In the second-ever "regular" June draft of high school and college players, June 6-7, 1966, Lancaster, Calif., prep star catcher Steven Chilcott was the first player picked overall.
In explaining why the Mets picked Chilcott over Reggie Jackson, team president George Weiss said the catcher filled the Mets’ “greatest need.”
Chilcott was a left-handed hitter, variously reported as 5'11" to 6’1”, 180-185 lbs. playing for Antelope Valley High School. He caught for the first time as a high school senior; previously he had been a third baseman. However that didn’t stop him from winning all the honors in each of his three varsity seasons. He was voted Player of the Year in a seven-team league in 1966, compiling an average of .506 on 42 hits in 83 appearances. He had 26 extra-base hits, nine doubles, six triples and 11 home runs. He drove in 33 runs.
Chilcott had also starred in football as a passing quarterback. He received numerous college football scholarship offers, including the Air Force Academy and UCLA.
Ex-Mets manager Casey Stengel and area scout Nelson Burbrink were assigned to get Chilcott’s signature on a Mets contract.
Stengel had only seen Chilcott play once, in a game on April 25, when he went 4-for-4. “One look is enough for me,” Stengel said. “This boy has all the tools to become a major league hitter.”
Chilcott signed June 30 for $75,000 (Reggie got $85,000)and was assigned to Marion, Va., in the Rookie Appalachian League. Between Marion and Auburn of the Class A New York-Pennsylvania League, Chilcott batted .176 with little evident power. He went to the Florida Instructional League following the 1966 season, where he batted .186.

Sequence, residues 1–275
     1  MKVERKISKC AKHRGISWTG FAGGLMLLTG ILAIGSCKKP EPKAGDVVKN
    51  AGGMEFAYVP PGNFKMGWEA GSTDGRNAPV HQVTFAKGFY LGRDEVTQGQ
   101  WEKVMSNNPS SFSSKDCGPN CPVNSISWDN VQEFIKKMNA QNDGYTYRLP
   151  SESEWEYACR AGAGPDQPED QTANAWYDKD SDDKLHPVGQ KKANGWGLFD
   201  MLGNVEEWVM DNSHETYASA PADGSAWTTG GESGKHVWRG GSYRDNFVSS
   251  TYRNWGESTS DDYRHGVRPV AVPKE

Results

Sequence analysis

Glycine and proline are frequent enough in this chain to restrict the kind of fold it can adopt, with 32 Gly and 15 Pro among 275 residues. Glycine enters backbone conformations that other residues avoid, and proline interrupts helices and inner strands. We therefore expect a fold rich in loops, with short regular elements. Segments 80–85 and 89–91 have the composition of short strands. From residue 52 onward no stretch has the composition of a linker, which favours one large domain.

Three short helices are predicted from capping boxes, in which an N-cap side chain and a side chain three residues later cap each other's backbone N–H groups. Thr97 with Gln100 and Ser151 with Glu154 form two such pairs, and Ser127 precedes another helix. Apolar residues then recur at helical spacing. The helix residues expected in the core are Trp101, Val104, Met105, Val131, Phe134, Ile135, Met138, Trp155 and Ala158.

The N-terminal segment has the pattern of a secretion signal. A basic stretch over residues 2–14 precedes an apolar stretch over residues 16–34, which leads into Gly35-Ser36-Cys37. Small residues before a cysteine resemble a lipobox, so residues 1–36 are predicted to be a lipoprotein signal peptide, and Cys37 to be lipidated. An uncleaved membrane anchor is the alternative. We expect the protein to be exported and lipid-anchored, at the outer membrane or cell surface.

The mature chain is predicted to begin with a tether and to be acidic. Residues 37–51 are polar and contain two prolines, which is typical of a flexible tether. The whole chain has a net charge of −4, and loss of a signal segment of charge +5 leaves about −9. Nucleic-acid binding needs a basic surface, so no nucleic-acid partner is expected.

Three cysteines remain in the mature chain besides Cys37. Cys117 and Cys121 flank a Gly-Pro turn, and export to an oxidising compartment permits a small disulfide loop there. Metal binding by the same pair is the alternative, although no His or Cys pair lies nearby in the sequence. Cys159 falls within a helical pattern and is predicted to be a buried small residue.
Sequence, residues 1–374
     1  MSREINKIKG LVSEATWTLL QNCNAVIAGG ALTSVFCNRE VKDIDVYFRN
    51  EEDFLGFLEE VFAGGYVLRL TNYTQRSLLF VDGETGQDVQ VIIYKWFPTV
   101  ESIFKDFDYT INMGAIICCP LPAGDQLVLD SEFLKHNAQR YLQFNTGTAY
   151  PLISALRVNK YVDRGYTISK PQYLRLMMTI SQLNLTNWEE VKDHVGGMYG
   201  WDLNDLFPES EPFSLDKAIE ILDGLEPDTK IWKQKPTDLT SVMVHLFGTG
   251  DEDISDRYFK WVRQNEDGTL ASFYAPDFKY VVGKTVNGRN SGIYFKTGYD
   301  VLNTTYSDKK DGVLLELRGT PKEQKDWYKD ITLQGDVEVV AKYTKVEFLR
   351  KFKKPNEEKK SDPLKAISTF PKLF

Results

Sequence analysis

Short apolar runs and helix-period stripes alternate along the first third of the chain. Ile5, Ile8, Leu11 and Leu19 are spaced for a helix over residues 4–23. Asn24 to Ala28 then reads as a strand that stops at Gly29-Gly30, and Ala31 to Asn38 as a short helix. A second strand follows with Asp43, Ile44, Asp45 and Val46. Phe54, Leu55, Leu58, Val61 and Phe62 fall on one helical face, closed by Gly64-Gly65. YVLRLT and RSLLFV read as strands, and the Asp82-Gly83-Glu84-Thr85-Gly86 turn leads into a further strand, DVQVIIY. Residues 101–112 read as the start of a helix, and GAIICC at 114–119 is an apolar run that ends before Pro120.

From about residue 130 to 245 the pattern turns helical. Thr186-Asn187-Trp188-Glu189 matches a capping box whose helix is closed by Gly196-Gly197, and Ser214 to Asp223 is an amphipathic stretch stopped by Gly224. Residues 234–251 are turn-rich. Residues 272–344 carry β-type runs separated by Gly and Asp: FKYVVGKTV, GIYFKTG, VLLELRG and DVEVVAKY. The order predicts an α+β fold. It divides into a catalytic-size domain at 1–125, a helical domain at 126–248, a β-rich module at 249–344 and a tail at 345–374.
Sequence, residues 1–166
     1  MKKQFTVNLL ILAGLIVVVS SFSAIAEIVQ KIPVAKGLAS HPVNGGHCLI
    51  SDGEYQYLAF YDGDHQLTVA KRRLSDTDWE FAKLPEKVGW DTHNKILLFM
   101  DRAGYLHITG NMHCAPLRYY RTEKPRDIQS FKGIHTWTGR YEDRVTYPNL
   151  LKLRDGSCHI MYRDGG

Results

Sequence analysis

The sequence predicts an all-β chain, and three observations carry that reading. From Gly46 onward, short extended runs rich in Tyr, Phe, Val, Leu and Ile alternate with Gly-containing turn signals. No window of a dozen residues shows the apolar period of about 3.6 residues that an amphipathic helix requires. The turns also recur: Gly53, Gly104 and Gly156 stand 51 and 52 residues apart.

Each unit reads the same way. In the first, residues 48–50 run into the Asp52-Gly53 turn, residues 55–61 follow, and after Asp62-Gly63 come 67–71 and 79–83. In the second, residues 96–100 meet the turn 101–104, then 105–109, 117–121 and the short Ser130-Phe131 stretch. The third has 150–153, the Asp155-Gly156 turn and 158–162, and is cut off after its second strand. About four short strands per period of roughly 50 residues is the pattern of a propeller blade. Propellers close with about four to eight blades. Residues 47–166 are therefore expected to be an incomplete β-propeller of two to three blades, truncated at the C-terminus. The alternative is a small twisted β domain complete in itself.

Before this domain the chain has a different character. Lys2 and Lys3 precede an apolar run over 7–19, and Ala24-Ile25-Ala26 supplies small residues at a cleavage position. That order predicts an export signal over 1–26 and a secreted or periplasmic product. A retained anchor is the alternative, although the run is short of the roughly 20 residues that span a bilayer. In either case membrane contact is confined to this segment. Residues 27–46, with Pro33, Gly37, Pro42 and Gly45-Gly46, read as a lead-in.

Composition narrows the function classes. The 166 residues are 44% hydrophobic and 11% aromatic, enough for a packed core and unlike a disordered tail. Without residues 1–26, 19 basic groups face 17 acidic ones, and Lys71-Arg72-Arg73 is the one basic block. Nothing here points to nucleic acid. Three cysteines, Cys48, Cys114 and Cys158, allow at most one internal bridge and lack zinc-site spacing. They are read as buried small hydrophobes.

Chilcott spent the 1967-69 seasons with Mets Class A teams at Winter Haven (1967, Florida State League) and Visalia 1968-69 California League). He hit a combined .273, but again showed no power. While at Winter Haven he dislocated his shoulder diving back into second base on a pick-off attempt. His career cratered.
He reached as high as AAA ball in the Mets and Expos organizations in 1970, but batted barely over .200.
He returned to Class A Visalia in 1971 trying to make it as an outfielder, batting a respectable .265 with a career-high 17 home runs.
His pro career ended in 1972 in the Yankees organization. At Class A Ft. Lauderdale in the Florida State League he hit .462 in a big week, but when he was advanced to Class AA Elmira, he sank to .146 and ended his pro playing days.
Chilcott is one of only two #1 overall draft picks who never made it to the majors (the other was Yankees pitching prospect Brien Taylor in 1991).
Thus its not surprising that Chilcott never had a Topps baseball card.
When I found a nice color pose of Chilcott in the J.D. McCarthy photo archives, I knw I could fill in that gap.
I originally intended to do my card in the 1967 format, perhaps even with a Topps rookie team trophy. That plan was thwarted, however, when I was unable to come up with a facsimile autograph for the card front. The 1968-style card you see here was my fall-back position. I didn't think it to much of a stretch to believe that after hitting .290 in the minors in 1967, Topps could have made his part of its '68 set.
You can order this card. Unless otherwise noted, all of my custom cards are available to collectors for $12.50 each, postpaid for one or two cards; $9.95 each for three or more (mix/match). Complete checklists of all my custom baseball, football and non-sports custom cards were published on this blog in late May (football), July 6 (non-sports) and Sept. 19 (baseball). To order, email me at email@example.com for directions on paying via check/money order, or to my PayPal account.